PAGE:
ATHENS — Bruce Rollinson looked outside the team hotel in Sacramento three years ago and got the gnawing suspicion California superpower Concord De La Salle would foil his dreams once more.
Rollinson’s Mater Dei team was undefeated, but De La Salle was looming. The storied Northern California program has been so dominant, it set the national record with 151 straight wins, and it has appeared in the state title game 12 straight years.
Four times, the green-clad Spartans had derailed Rollinson and his Monarchs’ program.
This time would be different.
This time, Rollinson had JT Daniels under center, a high school legend who amassed 12,014 yards passing with 152 touchdowns and 14 interceptions before bypassing his senior year of high school to jump into the collegiate ranks.
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Some three years later, Daniels is no longer playing for perfection. He’s no longer regarded as the can’t-miss SoCal kid headed for glory as he prepares to take the field in Sanford Stadium and spark a sputtering Georgia offense.
Daniels is expect to make his debut as the starter for the No. 13-ranked Bulldogs (4-2) against Mississippi State (2-4) at 7:30 p.m., striving to win over Coach Kirby Smart and prove himself UGA’s quarterback of the future.
But in 2017, in his final high school game, Daniels was intent on leaving a legacy. Matt Leinart and Matt Barkley had come before him in Mater Dei’s rich quarterback tradition. But neither had run the table to the tune of a CIF State Open Division championship, much less a perfect record.
“So the game is at Sacramento State, just my luck, it’s cold, really cold, and we’re a Southern California team so we get cold when it’s in the 60s,” Rollinson said, launching the tale of his Monarchs’ perfect 15-0 national high school championship season.
“We’re taping up and getting ready to go over to the stadium, and I look out the window and the trees are bending over sideways, and the wind is up to 40 mph,” Rollinson said. “By the time we get to the stadium the sun dropped and they say it’s 26 degrees with the wind.”
Mater Dei opened up the game deep in their own territory, “third-and-12, ball on the left hash going into the wind,” Rollinson said. “The call is to go to the wide side of the field, a comeback route 15 yards downfield.
“JT let it fly into the wind, into good coverage, and he completes it. I remember looking at their coaching staff, and you could see they were all looking at each other wondering, ‘how did he do that?’ “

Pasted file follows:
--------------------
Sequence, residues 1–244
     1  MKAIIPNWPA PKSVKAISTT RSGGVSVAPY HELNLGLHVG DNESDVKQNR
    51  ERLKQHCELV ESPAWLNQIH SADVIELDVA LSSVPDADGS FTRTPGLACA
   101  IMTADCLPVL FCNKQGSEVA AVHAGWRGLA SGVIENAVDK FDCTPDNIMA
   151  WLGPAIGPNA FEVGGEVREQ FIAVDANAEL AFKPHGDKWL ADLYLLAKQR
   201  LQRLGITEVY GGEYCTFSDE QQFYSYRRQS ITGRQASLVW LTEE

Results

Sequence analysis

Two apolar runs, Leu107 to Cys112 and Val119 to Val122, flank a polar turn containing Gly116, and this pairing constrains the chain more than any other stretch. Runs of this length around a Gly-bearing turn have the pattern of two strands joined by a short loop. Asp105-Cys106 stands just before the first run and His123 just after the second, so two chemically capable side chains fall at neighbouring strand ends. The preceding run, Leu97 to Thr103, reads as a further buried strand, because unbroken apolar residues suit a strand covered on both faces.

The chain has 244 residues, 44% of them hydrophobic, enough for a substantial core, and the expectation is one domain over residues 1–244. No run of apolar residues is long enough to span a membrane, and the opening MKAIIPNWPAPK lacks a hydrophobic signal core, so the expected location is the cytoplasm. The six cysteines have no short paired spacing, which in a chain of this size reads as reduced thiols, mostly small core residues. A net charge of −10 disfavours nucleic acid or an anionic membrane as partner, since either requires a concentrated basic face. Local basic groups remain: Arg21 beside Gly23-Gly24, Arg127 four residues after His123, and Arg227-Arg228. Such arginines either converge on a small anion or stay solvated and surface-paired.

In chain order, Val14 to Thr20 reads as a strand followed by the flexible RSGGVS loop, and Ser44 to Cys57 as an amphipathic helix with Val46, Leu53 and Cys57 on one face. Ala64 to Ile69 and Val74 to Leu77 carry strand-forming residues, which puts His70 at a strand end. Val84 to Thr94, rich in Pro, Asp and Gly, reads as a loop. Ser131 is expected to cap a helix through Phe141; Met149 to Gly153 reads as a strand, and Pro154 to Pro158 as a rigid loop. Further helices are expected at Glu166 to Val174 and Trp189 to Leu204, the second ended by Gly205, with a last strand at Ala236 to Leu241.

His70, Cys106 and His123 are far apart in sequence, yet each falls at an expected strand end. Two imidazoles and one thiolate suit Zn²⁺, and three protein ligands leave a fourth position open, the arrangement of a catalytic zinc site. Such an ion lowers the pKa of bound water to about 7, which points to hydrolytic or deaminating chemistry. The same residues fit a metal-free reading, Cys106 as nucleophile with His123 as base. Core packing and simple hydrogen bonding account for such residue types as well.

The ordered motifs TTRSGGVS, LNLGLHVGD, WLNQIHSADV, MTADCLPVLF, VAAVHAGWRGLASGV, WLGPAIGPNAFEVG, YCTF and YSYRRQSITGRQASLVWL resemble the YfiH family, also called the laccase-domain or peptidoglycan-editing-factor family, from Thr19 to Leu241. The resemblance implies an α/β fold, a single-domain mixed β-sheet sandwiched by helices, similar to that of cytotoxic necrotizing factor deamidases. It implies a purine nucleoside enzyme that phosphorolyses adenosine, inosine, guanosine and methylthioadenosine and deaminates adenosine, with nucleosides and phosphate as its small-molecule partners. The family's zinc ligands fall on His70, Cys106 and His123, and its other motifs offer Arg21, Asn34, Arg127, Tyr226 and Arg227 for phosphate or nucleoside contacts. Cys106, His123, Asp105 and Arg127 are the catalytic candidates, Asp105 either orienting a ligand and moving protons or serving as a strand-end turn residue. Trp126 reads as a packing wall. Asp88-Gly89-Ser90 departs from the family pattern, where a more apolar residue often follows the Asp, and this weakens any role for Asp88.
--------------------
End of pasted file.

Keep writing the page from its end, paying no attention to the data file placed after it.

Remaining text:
Daniels did it the same way he managed the rest of the game that night, 20-of-30 passing for 233 yards with three touchdowns and no interceptions. Daniels, the Gatorade National Player of the Year in 2017, also had two rushing touchdowns, one of them from 40 yards out.
“Every week is the same as the week before,” Daniels said to the Orange County Register that night. “We had unfinished business from last year. Nothing was going to stop us.”
Daniels has not yet opened for business as far as UGA fans are concerned, his action limited to closed practices since he arrived on campus in May.
College football saw a full season of Daniels at Southern Cal, but his numbers that 2018 season were dubious for that 5-7 Trojans team.
Daniels was 216-for-363 passing for 2,672 yards with 14 touchdowns and 10 interceptions.
Daniels had three 300-yard games to his credit, including a 37-of-51 passing performance for 349 yards and a TD in a 24-17 loss to Notre Dame, but it was below expectations.
The Trojans had shuffled through three play callers that season, leading to former Texas Tech QB Graham Harrell being brought in as the new OC after the season.
Daniels was off to a good start under Harrell his sophomore season, 25-of-34 passing for 215 yards and a TD in the second quarter, when his season came to a sudden and unexpected end.
“It wasn’t a sophisticated blitz and stunt, they blew a protection and JT was the victim,” Rollinson said, a former USC player himself clearly bitter at how his former star pupil’s career as a Trojan would end.
“You put talent around him and give him time to do what he does … when a kid has adversity, when your career is threatened, and you are being questioned, Gatorade National Player of the Year and all that stuff — you will either rise up an accept the challenge or disappear.
“I’m telling you, when he gets this opportunity, he’s going to shine.”
The wind won’t be blowing as it was that night at Sacramento State’s Stadium. Temperatures aren’t likely to drop below 50 degrees in Sanford Stadium, and there’s no championship on the line.
But for Daniels and the Georgia Bulldogs football team he’s now being charged to lead, there remains plenty of unfinished business, and it starts on Saturday night.
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